Turkey Details Visits by Accused Moscow Attackers to Istanbul

Two men accused in the terrorist attack on a Moscow concert hall spent time in Istanbul just weeks before the assault, a senior Turkish security official said on Tuesday, adding that the shortness of the men’s visits suggested that they had not been radicalized in Turkey.

The information came on the same day that the Turkish Interior minister, Ali Yerlikaya, wrote on the platform X that the Turkish security services had caught 147 people alleged to have connections to the Islamic State since last June.

Mr. Yerlikaya did not say how many of those suspects had been apprehended since the concert hall attack in Moscow last week or whether any of those previously arrested were believed to have links to that attack. The Islamic State has claimed responsibility for the assault.

Speaking on condition of anonymity because of government protocols, the senior security official said that one of the attack suspects who traveled to Turkey, Saidakrami Rachabalizoda, arrived in Istanbul on Jan. 5 and spent 16 days in a hotel in the city’s Fatih District. He left for Moscow on March 2, the official said.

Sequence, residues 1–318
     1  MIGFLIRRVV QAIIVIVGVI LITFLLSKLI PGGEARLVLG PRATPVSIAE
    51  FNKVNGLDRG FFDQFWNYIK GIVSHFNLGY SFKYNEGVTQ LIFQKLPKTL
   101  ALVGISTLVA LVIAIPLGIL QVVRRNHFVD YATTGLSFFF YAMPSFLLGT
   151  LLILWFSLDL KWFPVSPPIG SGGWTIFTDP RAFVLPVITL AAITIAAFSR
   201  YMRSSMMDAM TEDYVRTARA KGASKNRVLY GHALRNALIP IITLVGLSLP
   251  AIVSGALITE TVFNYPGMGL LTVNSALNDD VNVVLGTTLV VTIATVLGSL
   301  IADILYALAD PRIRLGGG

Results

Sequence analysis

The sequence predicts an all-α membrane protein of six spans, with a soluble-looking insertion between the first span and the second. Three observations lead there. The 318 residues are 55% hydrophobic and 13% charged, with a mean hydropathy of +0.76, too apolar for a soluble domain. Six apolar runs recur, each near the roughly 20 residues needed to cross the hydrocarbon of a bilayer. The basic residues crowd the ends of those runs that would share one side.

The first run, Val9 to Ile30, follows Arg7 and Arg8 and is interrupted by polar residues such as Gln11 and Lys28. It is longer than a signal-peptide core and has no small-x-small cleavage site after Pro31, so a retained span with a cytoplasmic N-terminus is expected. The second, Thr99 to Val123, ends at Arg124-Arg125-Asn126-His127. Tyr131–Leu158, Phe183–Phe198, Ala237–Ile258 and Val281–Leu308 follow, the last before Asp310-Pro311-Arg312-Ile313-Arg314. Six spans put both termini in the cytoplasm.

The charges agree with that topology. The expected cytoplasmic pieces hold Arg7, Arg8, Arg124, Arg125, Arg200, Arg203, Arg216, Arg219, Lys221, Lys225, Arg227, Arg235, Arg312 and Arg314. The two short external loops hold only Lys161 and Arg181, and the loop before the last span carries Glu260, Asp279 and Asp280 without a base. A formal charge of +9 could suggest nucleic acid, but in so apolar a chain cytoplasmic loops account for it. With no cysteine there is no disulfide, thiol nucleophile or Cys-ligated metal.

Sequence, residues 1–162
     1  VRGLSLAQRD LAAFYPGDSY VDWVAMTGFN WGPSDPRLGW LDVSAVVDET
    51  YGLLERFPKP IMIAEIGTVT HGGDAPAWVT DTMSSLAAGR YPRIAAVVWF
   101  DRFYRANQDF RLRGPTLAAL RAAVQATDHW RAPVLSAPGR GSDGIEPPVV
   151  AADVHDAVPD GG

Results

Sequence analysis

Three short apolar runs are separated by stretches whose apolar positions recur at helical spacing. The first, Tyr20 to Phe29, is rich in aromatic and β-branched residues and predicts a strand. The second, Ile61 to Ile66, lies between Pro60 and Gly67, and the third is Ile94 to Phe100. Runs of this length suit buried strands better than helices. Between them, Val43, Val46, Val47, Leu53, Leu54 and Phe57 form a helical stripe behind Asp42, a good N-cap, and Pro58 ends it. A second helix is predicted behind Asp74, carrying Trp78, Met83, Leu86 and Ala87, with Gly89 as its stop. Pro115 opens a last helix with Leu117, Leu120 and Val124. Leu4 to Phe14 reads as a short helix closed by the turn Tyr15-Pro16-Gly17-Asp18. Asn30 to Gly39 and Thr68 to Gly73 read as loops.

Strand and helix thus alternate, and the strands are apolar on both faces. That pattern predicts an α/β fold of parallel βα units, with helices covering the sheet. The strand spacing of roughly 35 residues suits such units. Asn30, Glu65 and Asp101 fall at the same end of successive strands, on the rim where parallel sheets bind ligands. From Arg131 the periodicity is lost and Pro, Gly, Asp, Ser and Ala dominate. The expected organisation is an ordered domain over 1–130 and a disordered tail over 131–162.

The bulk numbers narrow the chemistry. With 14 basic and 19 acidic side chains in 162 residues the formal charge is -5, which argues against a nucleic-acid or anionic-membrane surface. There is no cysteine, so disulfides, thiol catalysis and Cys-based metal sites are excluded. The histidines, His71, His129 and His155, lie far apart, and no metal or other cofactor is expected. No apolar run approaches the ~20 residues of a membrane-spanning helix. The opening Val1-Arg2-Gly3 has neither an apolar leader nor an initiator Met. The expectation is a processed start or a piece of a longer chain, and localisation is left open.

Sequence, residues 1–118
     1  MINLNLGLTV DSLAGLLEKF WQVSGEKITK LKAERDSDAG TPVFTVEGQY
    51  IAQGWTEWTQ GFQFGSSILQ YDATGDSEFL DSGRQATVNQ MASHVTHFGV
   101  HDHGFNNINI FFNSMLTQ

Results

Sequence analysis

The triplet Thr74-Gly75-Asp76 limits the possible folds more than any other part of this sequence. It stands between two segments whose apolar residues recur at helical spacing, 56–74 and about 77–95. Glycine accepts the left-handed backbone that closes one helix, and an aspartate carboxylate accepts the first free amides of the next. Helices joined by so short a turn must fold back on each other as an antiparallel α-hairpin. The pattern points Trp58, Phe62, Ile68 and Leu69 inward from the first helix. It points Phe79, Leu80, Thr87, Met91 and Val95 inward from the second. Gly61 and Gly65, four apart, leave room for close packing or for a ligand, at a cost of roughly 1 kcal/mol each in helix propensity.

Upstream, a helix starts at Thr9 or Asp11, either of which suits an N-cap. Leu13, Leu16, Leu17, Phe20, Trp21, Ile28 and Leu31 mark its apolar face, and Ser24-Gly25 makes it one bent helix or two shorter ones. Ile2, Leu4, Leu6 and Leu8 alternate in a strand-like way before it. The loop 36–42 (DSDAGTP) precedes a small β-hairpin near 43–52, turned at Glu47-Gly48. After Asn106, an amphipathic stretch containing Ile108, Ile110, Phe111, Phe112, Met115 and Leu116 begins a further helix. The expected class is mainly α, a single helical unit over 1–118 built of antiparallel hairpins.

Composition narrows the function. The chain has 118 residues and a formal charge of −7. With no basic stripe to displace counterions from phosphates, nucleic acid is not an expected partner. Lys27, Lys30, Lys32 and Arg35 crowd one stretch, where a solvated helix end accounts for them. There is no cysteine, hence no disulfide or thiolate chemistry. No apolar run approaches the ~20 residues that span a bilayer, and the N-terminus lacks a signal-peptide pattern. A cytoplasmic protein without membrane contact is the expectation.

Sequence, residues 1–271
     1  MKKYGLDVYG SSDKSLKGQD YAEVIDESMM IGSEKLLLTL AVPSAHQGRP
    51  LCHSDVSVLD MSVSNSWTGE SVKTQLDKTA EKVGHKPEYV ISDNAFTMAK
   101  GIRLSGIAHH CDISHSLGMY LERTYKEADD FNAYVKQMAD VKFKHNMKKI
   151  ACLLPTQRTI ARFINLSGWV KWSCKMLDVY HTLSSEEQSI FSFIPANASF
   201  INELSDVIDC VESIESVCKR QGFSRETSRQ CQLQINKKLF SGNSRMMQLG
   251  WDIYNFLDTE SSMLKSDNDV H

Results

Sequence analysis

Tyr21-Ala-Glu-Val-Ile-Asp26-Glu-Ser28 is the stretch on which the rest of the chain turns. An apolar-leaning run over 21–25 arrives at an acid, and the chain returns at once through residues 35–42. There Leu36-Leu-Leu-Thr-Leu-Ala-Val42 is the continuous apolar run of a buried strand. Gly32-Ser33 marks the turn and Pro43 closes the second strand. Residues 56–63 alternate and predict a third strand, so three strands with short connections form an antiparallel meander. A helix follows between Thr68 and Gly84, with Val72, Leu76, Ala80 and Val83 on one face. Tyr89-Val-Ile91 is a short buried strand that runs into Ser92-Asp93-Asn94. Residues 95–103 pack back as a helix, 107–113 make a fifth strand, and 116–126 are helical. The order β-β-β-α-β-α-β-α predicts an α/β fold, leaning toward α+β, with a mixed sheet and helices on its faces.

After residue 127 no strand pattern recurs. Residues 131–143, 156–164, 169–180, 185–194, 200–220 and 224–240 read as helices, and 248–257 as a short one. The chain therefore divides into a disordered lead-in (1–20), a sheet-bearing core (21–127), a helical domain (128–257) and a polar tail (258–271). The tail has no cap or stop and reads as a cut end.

The official did not say whether the men’s time in Turkey was believed to have any connection to the planning or preparation for the attack, but said that Turkey’s security services had assessed that the men had been radicalized before arriving in Turkey. Both men were from Tajikistan, but had been living in Russia as migrant laborers.

Another suspect, Shamsidin Fariduni, entered Turkey from Russia on Feb. 20 and told Turkish officials that he made the trip was because his Russian visa had expired and he had to leave the country, the official said. He stayed in a hotel for six days in late February and posted pictures on social media during that time that appeared to be at a historic Istanbul mosque in the same district where Mr. Rachabalizoda had stayed, the official said.

Mr. Fariduni returned to Moscow on March 2 on the same flight as Mr. Rachabalizoda. Both men had traveled freely between Russia and Turkey because neither was subject to an arrest warrant, the official said.

Despite being a member of NATO, Turkey has maintained good relations with Russia throughout the war in Ukraine. There are several direct flights daily between Russia and Turkey.

At the height of the Islamic State’s control in Iraq and Syria, the terror group carried out several deadly attacks inside Turkey, but in recent years such attacks have become rare and the Turkish security services frequently publicize their efforts to disrupt terrorist networks.


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